Somnambule - Writing About Music

Small Melodies

Spekk is a one man label  whose intent is to traverse the borders of form and formlessness, sound and silence. Fellow travellers in these sonic territories include the likes of Touch and 12k. The delicacy of the music released on Spekk is paralled by the beautiful design of the book-format card folders in which its CDs are presented. Small Melodies is the label’s first compilation which, alongside more familiar names such as the likes of Oren Ambarchi, Stephan Mathieu and Taylor Deupree, presents nine less well-known artists. The title appears to be lifted from Mathieu’s concluding piece and suggests an interesting opening out of the concept of melody into a wider, less easily-defined realm. Ultra Milkmaids ease the listener in gently with crinkly silver leafed spirals that twist and turn in fragile, brittle movement. So tactile-sounding is this piece that it seems possible you might reach out and touch it. Gorgeous. Sofar’s For A Pulse Or Two mixes grit into its wooshes and microcosmic digital signals into its flow. Listen too intently and flurries of sound like warm snow may mist the eyes, reducing vision to a minimum. Best not to listen whilst driving or handling machinery. The title of Tomoyoshi Date’s contribution is endearingly apt: Sunnyside Suns And Sounds tinkles and flutters like a mechanised stream made from tinplate, bamboo and autumn leaves. There’s a thrumming industriousness to the wishwash patterning that recalls sunlight on lapping water. Shapes emerge and disappear with wistful abandon. The result is an essay in loveliness which conveys a carefree embrace of sonic beauty reminiscent of Brian Eno’s work. Taylor Deupree’s For Nicholas goes subterranean. Movements flicker in dim cavelight, sounds of stone upon stone reverberate from distant corners. The term ‘Ambient’ is far too crude and diffuse a description to apply to these twelve pieces. Best to set aside labels and listen openly. Do so and these little continents, worlds, forms are a delight to explore.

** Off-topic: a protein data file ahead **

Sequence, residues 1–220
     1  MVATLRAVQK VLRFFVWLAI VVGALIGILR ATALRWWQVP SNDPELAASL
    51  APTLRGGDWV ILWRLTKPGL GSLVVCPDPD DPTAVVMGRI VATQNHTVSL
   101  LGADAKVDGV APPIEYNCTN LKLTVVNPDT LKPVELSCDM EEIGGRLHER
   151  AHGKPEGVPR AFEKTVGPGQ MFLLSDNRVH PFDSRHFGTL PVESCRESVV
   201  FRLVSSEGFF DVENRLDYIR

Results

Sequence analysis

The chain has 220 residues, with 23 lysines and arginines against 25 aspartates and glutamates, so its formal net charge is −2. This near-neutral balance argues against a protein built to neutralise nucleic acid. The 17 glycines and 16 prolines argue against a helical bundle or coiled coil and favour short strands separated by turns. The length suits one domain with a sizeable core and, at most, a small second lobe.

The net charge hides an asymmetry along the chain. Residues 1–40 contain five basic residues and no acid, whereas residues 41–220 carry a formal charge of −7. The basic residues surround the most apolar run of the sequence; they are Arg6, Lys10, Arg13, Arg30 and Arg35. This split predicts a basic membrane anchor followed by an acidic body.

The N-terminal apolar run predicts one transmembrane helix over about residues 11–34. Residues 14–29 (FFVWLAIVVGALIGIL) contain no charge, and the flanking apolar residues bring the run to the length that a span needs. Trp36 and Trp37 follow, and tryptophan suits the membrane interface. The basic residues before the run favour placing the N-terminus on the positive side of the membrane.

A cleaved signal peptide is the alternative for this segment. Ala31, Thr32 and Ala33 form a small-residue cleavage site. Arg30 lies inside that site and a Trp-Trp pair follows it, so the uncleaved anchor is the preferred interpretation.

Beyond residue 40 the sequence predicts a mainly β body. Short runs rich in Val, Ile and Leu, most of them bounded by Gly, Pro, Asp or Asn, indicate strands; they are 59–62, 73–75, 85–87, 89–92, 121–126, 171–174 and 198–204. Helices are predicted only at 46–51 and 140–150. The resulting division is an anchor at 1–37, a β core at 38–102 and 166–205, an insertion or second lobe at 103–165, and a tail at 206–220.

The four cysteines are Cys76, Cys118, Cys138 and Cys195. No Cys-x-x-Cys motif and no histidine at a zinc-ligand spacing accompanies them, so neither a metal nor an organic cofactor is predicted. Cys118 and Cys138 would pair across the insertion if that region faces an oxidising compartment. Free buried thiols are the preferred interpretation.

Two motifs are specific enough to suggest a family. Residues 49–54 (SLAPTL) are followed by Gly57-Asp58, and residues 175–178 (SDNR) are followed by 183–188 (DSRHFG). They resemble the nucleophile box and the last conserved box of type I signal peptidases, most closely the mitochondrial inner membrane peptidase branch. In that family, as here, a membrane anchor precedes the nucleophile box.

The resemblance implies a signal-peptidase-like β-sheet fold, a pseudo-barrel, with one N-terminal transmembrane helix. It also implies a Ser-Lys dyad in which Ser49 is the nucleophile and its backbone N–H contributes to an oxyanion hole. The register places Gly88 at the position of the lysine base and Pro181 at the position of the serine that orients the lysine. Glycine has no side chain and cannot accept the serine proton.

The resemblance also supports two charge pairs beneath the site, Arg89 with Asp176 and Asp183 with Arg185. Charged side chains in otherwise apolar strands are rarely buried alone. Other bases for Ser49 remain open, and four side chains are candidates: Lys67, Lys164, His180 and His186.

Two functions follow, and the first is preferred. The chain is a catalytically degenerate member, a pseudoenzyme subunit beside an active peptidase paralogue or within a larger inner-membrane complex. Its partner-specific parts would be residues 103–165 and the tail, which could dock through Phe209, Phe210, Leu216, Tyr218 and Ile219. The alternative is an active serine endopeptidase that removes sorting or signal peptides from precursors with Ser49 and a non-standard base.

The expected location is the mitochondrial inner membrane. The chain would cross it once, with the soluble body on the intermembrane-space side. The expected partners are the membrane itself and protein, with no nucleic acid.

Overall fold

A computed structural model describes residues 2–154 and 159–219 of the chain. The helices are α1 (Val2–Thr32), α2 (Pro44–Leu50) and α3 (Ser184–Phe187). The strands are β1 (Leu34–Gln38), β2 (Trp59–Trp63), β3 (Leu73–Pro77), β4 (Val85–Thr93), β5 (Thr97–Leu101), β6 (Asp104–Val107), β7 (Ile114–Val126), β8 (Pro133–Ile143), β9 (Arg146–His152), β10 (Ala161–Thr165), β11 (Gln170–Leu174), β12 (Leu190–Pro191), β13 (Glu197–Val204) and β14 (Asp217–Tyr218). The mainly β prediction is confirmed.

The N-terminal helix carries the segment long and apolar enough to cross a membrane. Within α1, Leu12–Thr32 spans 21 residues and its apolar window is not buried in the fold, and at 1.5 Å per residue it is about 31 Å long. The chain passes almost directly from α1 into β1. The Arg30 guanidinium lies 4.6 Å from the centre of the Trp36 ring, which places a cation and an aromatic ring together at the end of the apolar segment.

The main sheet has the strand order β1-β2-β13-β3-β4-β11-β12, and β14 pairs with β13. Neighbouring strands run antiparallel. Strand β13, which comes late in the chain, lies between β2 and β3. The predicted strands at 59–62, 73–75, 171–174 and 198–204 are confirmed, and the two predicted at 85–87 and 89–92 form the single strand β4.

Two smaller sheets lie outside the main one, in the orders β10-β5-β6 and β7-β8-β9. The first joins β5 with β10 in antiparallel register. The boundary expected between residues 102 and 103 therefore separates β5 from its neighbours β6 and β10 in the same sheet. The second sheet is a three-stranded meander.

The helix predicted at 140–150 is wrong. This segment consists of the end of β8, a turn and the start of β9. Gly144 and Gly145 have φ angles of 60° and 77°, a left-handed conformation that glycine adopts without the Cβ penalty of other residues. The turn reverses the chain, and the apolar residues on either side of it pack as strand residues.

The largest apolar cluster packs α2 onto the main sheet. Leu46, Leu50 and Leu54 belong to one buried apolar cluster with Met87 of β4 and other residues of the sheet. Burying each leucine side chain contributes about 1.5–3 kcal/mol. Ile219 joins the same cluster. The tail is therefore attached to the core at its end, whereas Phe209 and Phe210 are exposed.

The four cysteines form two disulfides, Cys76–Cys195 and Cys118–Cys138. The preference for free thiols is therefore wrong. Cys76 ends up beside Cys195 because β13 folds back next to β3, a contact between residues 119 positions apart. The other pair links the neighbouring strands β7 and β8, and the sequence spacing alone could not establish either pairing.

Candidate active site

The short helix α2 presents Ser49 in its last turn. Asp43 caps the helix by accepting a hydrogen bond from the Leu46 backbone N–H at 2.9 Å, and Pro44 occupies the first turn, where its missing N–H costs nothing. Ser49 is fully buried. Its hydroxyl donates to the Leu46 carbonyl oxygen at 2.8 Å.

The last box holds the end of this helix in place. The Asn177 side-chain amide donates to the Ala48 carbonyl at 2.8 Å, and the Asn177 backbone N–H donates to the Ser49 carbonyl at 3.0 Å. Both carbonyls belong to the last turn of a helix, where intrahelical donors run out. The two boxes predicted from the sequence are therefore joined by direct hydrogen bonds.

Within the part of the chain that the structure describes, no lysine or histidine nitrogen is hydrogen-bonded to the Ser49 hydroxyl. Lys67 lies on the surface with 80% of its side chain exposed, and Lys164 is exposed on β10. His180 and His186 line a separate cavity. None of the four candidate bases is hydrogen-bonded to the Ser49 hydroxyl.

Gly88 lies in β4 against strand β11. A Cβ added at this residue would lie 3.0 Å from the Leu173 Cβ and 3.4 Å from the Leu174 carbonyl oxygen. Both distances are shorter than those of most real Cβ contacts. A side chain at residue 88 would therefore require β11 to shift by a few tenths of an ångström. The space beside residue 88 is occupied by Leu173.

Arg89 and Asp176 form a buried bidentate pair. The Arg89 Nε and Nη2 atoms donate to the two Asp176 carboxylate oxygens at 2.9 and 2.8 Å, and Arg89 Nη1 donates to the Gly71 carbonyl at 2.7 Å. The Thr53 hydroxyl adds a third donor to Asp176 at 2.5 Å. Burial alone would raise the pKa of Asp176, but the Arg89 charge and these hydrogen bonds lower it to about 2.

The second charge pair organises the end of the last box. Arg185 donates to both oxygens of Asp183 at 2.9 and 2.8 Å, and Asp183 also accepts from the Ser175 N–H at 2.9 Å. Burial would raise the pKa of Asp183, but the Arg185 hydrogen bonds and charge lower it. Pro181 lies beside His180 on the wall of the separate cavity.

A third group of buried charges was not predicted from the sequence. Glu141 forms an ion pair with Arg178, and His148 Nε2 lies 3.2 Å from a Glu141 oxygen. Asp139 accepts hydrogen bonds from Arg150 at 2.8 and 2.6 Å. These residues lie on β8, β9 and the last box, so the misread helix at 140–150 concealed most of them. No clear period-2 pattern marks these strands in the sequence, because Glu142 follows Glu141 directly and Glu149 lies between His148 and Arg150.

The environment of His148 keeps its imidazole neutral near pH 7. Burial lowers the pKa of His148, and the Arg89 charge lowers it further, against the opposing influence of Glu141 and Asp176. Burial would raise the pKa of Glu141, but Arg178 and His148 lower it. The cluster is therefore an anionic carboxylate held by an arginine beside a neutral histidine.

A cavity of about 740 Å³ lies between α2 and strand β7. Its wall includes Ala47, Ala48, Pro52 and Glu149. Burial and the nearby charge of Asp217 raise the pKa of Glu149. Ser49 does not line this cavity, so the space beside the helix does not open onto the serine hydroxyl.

Colin Buttimer
January 2006
Published by Signal To Noise magazine